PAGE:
"It gave her quite a turn," said Mr. Wilcox, when retailing the incident to Dolly at tea-time. "None of you girls have any nerves, really. Of course, a word from me put it all right, but silly old Miss Avery—she frightened you, didn't she, Margaret? There you stood clutching a bunch of weeds. She might have said something, instead of coming down the stairs with that alarming bonnet on. I passed her as I came in. Enough to make the car shy. I believe Miss Avery goes in for being a character; some old maids do." He lit a cigarette. "It is their last resource. Heaven knows what she was doing in the place; but that's Bryce's business, not mine."
"I wasn't as foolish as you suggest," said Margaret. "She only startled me, for the house had been silent so long."
"Did you take her for a spook?" asked Dolly, for whom "spooks" and "going to church" summarized the unseen.
"She really did frighten you," said Henry, who was far from discouraging timidity in females. "Poor Margaret! And very naturally. Uneducated classes are so stupid."
"Is Miss Avery uneducated classes?" Margaret asked, and found herself looking at the decoration scheme of Dolly's drawing-room.
"She's just one of the crew at the farm. People like that always assume things. She assumed you'd know who she was. She left all the Howards End keys in the front lobby, and assumed that you'd seen them as you came in, that you'd lock up the house when you'd done, and would bring them on down to her. And there was her niece hunting for them down at the farm. Lack of education makes people very casual. Hilton was full of women like Miss Avery once."
"I shouldn't have disliked it, perhaps."
"Or Miss Avery giving me a wedding present," said Dolly.
Which was illogical but interesting. Through Dolly, Margaret was destined to learn a good deal.
"But Charles said I must try not to mind, because she had known his grandmother."
"As usual, you've got the story wrong, my good Dorothea."
"I mean great-grandmother—the one who left Mrs. Wilcox the house. Weren't both of them and Miss Avery friends when Howards End, too, was a farm?"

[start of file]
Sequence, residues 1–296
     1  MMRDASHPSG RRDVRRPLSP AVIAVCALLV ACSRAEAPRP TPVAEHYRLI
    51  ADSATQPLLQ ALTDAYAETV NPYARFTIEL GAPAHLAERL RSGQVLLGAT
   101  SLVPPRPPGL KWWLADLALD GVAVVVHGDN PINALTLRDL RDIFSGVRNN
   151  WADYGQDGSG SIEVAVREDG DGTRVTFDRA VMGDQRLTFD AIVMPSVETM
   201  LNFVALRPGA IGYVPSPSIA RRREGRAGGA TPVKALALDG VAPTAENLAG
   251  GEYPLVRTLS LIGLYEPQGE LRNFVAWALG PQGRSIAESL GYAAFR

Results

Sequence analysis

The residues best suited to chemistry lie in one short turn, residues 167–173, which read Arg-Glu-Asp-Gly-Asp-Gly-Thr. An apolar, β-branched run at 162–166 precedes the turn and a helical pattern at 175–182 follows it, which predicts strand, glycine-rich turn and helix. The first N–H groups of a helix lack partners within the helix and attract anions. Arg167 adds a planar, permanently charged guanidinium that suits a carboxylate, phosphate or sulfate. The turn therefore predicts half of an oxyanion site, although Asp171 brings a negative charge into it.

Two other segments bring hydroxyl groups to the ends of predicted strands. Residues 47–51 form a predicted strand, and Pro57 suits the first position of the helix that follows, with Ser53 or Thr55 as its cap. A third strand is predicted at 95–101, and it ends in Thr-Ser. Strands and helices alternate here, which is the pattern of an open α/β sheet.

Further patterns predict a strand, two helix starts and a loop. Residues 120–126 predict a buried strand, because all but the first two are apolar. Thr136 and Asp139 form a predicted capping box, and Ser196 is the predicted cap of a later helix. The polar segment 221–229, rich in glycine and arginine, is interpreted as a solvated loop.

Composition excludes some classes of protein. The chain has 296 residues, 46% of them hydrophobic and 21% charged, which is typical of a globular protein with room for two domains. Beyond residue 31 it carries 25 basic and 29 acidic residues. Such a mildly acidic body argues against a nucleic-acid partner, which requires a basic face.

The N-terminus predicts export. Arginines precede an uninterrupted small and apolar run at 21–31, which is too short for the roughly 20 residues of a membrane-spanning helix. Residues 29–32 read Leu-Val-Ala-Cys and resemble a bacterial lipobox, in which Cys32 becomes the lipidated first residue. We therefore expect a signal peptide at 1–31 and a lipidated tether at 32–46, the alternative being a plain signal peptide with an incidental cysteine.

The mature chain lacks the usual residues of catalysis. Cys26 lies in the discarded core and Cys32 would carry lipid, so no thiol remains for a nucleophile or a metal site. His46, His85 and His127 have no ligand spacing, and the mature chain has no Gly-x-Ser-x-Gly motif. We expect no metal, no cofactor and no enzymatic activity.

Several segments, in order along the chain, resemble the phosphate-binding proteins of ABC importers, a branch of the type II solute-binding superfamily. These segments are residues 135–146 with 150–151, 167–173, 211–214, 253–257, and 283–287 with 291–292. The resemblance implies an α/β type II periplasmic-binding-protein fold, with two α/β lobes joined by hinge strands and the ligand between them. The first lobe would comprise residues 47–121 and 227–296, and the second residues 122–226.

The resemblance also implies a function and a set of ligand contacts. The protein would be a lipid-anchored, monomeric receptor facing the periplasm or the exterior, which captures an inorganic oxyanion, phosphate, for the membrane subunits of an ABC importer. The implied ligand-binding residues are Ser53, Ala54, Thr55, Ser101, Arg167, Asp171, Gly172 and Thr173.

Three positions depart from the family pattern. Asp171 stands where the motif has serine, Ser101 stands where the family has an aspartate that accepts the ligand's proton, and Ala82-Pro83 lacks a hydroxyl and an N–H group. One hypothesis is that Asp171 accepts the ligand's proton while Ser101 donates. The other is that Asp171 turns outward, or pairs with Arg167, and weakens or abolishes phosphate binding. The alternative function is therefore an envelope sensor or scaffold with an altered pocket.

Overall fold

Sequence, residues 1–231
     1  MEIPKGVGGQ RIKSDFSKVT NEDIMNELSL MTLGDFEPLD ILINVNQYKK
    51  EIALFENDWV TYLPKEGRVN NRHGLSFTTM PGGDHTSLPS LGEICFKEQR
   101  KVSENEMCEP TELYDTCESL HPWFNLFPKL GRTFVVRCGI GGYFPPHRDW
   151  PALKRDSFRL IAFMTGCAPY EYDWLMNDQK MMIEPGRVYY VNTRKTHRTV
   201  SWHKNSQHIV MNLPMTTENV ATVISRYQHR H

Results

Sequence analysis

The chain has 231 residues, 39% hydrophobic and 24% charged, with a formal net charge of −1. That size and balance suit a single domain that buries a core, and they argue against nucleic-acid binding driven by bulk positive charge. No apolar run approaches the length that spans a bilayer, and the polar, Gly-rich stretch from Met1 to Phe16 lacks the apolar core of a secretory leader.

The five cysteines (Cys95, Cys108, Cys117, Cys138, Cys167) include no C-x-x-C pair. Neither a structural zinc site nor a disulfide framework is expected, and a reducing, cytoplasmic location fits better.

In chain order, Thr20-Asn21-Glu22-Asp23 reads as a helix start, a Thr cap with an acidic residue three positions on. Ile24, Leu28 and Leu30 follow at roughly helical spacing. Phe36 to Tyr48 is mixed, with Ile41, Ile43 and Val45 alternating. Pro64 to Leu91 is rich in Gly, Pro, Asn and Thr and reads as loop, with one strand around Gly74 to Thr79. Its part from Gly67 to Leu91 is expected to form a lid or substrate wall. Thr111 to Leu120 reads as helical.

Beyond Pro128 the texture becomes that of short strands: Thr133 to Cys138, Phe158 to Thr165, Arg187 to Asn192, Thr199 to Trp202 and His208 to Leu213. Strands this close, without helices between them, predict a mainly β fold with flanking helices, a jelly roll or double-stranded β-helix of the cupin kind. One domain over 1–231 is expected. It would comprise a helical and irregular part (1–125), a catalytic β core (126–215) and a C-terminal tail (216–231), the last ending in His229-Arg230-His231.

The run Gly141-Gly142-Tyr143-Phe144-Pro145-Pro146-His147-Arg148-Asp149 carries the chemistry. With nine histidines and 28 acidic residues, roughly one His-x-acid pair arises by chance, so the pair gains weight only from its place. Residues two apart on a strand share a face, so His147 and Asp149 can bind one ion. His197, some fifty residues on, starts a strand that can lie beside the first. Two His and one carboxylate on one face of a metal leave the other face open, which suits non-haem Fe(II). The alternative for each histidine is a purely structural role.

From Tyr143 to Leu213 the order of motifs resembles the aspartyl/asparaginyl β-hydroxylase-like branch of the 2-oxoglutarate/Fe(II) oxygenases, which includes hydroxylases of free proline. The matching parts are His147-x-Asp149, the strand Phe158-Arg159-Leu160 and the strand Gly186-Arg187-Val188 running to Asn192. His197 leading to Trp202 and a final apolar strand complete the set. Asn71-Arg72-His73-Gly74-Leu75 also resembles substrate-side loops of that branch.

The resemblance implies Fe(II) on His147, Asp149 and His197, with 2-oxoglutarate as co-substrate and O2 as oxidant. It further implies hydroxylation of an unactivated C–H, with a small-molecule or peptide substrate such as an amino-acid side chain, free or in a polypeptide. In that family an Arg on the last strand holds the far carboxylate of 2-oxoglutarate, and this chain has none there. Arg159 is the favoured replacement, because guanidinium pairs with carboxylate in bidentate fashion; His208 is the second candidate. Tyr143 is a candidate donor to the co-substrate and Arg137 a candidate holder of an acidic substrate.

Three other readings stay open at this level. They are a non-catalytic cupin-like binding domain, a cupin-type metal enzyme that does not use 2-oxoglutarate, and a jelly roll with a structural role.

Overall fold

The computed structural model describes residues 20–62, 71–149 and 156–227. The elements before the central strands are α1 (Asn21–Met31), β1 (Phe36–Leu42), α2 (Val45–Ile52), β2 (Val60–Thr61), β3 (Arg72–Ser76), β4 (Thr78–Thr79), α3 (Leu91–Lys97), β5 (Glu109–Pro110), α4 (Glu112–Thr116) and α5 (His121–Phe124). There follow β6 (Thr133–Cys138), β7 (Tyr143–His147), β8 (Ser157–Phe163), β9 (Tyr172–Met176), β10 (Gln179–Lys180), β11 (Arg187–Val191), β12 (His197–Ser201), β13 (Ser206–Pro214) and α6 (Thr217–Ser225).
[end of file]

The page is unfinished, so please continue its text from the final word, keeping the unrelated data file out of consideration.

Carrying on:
Her father-in-law blew out a shaft of smoke. His attitude to his dead wife was curious. He would allude to her, and hear her discussed, but never mentioned her by name. Nor was he interested in the dim, bucolic past. Dolly was—for the following reason.
"Then hadn't Mrs. Wilcox a brother—or was it an uncle? Anyhow, he popped the question, and Miss Avery, she said 'No.' Just imagine, if she'd said 'Yes,' she would have been Charles's aunt. (Oh, I say,—that's rather good! 'Charlie's Aunt'! I must chaff him about that this evening.) And the man went out and was killed. Yes, I'm certain I've got it right now. Tom Howard—he was the last of them."
"I believe so," said Mr. Wilcox negligently.
"I say! Howards End—Howard's Ended!" cried Dolly. "I'm rather on the spot this evening, eh?"
"I wish you'd ask whether Crane's ended."
"Oh, Mr. Wilcox, how can you?"
"Because, if he has had enough tea, we ought to go.—Dolly's a good little woman," he continued, "but a little of her goes a long way. I couldn't live near her if you paid me."
Margaret smiled. Though presenting a firm front to outsiders, no Wilcox could live near, or near the possessions of, any other Wilcox. They had the colonial spirit, and were always making for some spot where the white man might carry his burden unobserved. Of course, Howards End was impossible, so long as the younger couple were established in Hilton. His objections to the house were plain as daylight now.
Crane had had enough tea, and was sent to the garage, where their car had been trickling muddy water over Charles's. The downpour had surely penetrated the Six Hills by now, bringing news of our restless civilization. "Curious mounds," said, Henry, "but in with you now; another time." He had to be up in London by seven—if possible, by six-thirty. Once more she lost the sense of space; once more trees, houses, people, animals, hills, merged and heaved into one dirtiness, and she was at Wickham Place.